‘To write is to sit in judgement of oneself”Henrik Ibsen
I got into a not quite Twitter war with Julia Hartley-Brewer recently, more of a Twitter scuffle, if you will.
It was over the reporting and discussion of the events in Orlando over the weekend. In the worst shooting massacre in US history, Omar Mateen, a 29-year old US citizen, killed 49 LGBT people at a gay-club called Pulse, using an assault rifle he was legally licensed to own and operate. Mr Mateen was both very likely gay himself, and a Muslim man who phoned police prior to the assault and claimed the shooting in the name of Islamic State, the group based in Syria and Iraq.
These are the tragic facts.
The subsequent controversy was not over any of this, but over a review of newspapers on the night the news broke, between Owen Jones and Julia Hartley-Brewer on Sky News, in which Owen Jones left the live discussion in disgust at what he felt was the ‘downplaying’ of the homophobic motivation of the attack.
On Monday Julia Hartley-Brewer trailed a Telegraph article responding to this ‘tantrum’ as she termed it, on Twitter.
Now I’ve watched that clip again, just like Julia has. What I see is this;
In the initial few minutes, Owen Jones, raw from the news of what must’ve felt like a very personal tragedy, frames the events as ‘the worst attack in LGBT people since the Holocaust’. The presenter and Julia Hartley-Brewer attempt to focus on the fact that Mr Mateen was Muslim and draws parallels to the Bataclan attacks in Paris. Owen Jones takes issue with this, stating the most important part of this is it was a targeted attack on gay people.
Then it all goes sideways. The presenter and Julia try to defend their position, with increasing volume, to say this was an attack from many angles, on human beings, on people ‘enjoying their freedoms’. I can see their point- this was, and it’s part of their job to make the news relatable to their audience- a predominantly white, conservative, straight demographic. I can also see the emotional element- both Julia and the presenter don’t want to seem as if they are downplaying the homophobic element, even though they perhaps without meaning to, just have. In their backtracking all sides get heated, and it gets worse.
From the perspective of Owen Jones, he suggests this attack was chiefly homophobic in nature, and then is shouted down by two straight people. That’s his perspective and that’s how the Internet, rightly or wrongly, saw it too.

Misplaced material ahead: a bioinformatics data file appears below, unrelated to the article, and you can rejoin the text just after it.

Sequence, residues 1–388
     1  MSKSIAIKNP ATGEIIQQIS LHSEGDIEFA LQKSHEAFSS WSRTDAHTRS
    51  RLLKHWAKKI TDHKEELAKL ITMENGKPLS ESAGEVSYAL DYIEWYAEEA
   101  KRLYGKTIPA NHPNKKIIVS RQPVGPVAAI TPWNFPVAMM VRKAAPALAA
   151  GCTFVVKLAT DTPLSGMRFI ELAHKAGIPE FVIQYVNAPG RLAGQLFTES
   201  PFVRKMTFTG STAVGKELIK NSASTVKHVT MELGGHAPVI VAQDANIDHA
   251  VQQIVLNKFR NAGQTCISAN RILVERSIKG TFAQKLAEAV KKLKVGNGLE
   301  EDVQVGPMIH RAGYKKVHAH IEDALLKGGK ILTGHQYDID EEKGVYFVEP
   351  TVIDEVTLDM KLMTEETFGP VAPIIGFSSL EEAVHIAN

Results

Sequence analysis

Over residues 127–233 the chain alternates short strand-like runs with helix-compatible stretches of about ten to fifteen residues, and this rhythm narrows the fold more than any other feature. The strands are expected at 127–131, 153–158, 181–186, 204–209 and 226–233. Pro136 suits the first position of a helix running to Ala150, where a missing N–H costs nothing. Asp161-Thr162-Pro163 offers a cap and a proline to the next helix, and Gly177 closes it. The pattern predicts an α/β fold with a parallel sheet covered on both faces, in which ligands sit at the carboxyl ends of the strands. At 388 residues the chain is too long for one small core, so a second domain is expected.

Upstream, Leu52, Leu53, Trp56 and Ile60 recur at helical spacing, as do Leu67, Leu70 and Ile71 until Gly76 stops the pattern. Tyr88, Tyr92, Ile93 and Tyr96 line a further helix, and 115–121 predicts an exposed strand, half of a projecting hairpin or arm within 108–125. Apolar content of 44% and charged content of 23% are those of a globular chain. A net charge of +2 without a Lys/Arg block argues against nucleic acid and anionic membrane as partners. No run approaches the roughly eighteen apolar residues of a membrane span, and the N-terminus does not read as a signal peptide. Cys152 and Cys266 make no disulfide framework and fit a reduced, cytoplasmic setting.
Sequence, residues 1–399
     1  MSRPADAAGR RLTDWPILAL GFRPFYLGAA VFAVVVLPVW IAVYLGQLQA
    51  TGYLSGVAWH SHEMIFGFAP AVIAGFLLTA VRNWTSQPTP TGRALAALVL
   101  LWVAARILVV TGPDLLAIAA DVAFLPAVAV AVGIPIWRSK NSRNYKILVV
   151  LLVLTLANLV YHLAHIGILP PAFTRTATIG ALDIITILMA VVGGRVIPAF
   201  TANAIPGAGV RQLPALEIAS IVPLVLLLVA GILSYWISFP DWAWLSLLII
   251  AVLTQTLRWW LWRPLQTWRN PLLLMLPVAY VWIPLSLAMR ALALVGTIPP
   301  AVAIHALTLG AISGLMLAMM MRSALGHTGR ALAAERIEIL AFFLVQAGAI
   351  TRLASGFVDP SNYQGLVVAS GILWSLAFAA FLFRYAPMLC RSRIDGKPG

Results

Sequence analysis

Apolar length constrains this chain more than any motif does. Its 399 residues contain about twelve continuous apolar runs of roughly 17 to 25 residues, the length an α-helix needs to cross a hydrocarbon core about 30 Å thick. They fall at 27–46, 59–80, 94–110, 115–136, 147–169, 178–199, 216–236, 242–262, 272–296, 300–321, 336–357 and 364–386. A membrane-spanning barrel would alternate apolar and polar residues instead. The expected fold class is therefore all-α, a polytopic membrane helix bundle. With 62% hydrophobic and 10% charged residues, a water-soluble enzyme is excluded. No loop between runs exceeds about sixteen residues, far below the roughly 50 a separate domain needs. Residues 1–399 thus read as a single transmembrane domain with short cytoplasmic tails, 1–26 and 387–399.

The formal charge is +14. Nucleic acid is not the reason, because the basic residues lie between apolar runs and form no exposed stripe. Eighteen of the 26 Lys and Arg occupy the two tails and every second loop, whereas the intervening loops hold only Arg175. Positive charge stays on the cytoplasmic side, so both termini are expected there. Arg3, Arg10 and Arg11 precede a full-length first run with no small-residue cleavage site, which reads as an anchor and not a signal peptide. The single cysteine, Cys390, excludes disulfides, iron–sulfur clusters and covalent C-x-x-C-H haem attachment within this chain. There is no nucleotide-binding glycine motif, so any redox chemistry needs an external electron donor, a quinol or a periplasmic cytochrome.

Owen Jones is silenced. A few minutes later it seems a word in the ear of the presenter tries to salvage the situation by pointing out the Telegraph article does mention a viewpoint from Stonewall, the LGBT group. But this conciliatory bone backfires.
Owen Jones walks out.
I can understand his frustration, and it isn’t just with the two presenters.
It’s with the medias obsessive fixation on framing all events into a single narrative. It’s with the predictable and sensationalist attempt to focus on this as an ‘Islamic’ terror attack. It’s with the lack of empathy the mainstream media shows to diverse groups, and how shoehorning this tragedy into a narrative that didn’t fit actually neglected the point- this was an act of hate against a specific community, and to downplay that fact is to ignore any meaningful lesson of tolerance from it. To downplay it in favour of another lesson of intolerance, towards Muslims, is a downright dishonour to the memory of those that died.
To Julia’s credit she does state this was a homophobic attack, more and more after Owen leaves. And she makes the key point- the access to guns, especially assault rifles, is what made this tragedy so utterly awful, nearly farcical in how preventable it could’ve been. But it seems like both presenters are put on the defensive, so they have to shout back, and louder.
Hence this deplorable and ridiculous Telegraph article, comparing Owen Jones to Islamic state.
I suggested it might be meaningful to be conciliatory – but that 140 character message fell on deaf ears.
If I’m perfectly honest I don’t think anyone in this situation acted particularly terribly. But it was a great example of what is fundamentally wrong with our society.
1. We as a collective don’t have a ‘knee-jerk’ reaction to intolerance of LGBT people like we do for racism, sexism or anti-semitism. That’s because ultimately mainstream society isn’t fully comfortable with the LGBT community. Tolerant, overall, perhaps. But not comfortable the way we are with race nowadays. It’s an ugly truth- but one that reared its head in this interview.
2. The fact this dissolved into a left wing vs right wing argument nearly instantly shows how divisive we have become as a society. I hate both words, they are simply different excuses for not listening to each other, and increasingly dangerous in the 21st century. Labelling every discussion as right wing or left wing renders the complexity meaningless.
Medicine teaches you that nothing is simple, nothing is 100% true- this world view simply doesn’t apply to humans. No one is 100% right. We can only make decisions based on the best evidence available.
“Your perspective on life comes from the cage you were held captive in.” ― Shannon L. Alder
This is the truth from my perspective;
– Omar Mateen was a repressed gay man in a culture he felt he couldn’t be himself in. This led to deep self-loathing and depression
– Omar Mateen had access to assault weaponry no country should allow such unfettered access to
– Omar Mateen latched onto a terror group ideal as a means to validate his lonely existence and violent death
But maybe I should just ‘stick to things I know about’.